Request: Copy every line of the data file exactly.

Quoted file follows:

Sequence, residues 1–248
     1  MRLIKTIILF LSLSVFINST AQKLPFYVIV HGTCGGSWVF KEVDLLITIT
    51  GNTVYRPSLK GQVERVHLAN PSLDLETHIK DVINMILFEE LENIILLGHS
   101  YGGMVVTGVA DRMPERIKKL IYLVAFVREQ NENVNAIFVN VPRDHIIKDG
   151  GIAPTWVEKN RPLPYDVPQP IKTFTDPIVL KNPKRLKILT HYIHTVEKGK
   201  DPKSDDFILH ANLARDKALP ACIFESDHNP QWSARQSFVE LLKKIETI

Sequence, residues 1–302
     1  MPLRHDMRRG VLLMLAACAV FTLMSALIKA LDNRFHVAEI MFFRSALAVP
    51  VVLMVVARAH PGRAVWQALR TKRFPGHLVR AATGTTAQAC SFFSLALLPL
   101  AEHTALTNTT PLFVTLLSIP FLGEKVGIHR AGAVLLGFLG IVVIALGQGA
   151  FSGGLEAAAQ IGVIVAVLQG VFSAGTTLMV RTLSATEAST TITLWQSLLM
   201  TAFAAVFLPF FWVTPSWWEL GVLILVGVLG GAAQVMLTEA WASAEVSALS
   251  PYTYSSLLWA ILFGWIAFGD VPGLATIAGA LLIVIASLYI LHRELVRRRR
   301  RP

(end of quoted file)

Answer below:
Sequence, residues 1–248
     1  MRLIKTIILF LSLSVFINST AQKLPFYVIV HGTCGGSWVF KEVDLLITIT
    51  GNTVYRPSLK GQVERVHLAN PSLDLETHIK DVINMILFEE LENIILLGHS
   101  YGGMVVTGVA DRMPERIKKL IYLVAFVREQ NENVNAIFVN VPRDHIIKDG
   151  GIAPTWVEKN RPLPYDVPQP IKTFTDPIVL KNPKRLKILT HYIHTVEKGK
   201  DPKSDDFILH ANLARDKALP ACIFESDHNP QWSARQSFVE LLKKIETI

Sequence, residues 1–302
     1  MPLRHDMRRG VLLMLAACAV FTLMSALIKA LDNRFHVAEI MFFRSALAVP
    51  VVLMVVARAH PGRAVWQALR TKRFPGHLVR AATGTTAQAC SFFSLALLPL
   101  AEHTALTNTT PLFVTLLSIP FLGEKVGIHR AGAVLLGFLG IVVIALGQGA
   151  FSGGLEAAAQ IGVIVAVLQG VFSAGTTLMV RTLSATEAST TITLWQSLLM
   201  TAFAAVFLPF FWVTPSWWEL GVLILVGVLG GAAQVMLTEA WASAEVSALS
   251  PYTYSSLLWA ILFGWIAFGD VPGLATIAGA LLIVIASLYI LHRELVRRRR
   301  RP